The Boy Who Speaks in Numbers

This quirky little book tells the story of a young boy forced to leave his rural village for a crowded refugee camp at the height of the civil war and political unrest in Sri Lanka. 

As the title suggests the main protagonist is a unique individual who feels more at home in the company of numbers than words and throughout the narrative a distinct divide is driven between our young hero who speaks in numbers and those around him who ‘speak in colours’. Although what this symbolism of communication denotes is never made clear, the device serves to create a sense of segregation and aloneness so often experienced by those in war, particularly children who are expected to play a part as child soldiers. A touch of magical realism involving the transformation of many human war-time figures into animals such as ‘the constantly complaining cow’ or ‘the lying lizard’ as well as a strong interdependence between text and image, and a rejection of narrative linearity and characterisation lends an almost Alice in Wonderland kind of feel to the book, which is purposefully and self-reportedly disorienting, with its opening lines of: ‘If at any point in the following story you are to feel dizzy, out of breath, light-headed, disoriented, and of the growing suspicion that you are lost, it’s probably true.’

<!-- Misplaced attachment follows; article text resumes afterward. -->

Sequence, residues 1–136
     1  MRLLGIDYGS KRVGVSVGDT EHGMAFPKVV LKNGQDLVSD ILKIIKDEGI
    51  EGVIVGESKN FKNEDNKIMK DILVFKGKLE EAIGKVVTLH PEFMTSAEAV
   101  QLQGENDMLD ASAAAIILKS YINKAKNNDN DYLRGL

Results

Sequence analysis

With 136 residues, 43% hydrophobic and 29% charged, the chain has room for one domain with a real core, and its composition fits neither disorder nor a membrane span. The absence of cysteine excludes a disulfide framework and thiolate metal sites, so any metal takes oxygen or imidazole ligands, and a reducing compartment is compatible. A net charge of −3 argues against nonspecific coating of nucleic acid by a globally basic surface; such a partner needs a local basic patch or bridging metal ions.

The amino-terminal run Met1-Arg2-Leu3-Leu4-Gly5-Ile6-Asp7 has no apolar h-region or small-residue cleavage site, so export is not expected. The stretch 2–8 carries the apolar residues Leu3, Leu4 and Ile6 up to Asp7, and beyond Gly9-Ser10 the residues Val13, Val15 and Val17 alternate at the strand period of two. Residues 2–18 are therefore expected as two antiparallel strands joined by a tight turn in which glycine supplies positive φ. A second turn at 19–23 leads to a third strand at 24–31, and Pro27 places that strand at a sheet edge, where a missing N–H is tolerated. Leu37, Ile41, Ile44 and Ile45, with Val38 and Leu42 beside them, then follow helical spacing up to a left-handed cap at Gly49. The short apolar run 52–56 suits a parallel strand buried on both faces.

However, although forewarned, the reader may find it difficult to derive much meaning or significance from this narrative which errs on the side of being slightly too riddled with symbolism to have a clear message. While this literary technique is effective in depicting the chaos of war, there is a lack of an overall lasting impression after completing this book apart from one of confusion and displacement and no real grasp of the reality of this tragic pocket of Sri Lanka’s history. It does succeed, however, at piquing the reader’s curiosity about this little known civil war and thus encourages further reading/research on the topic.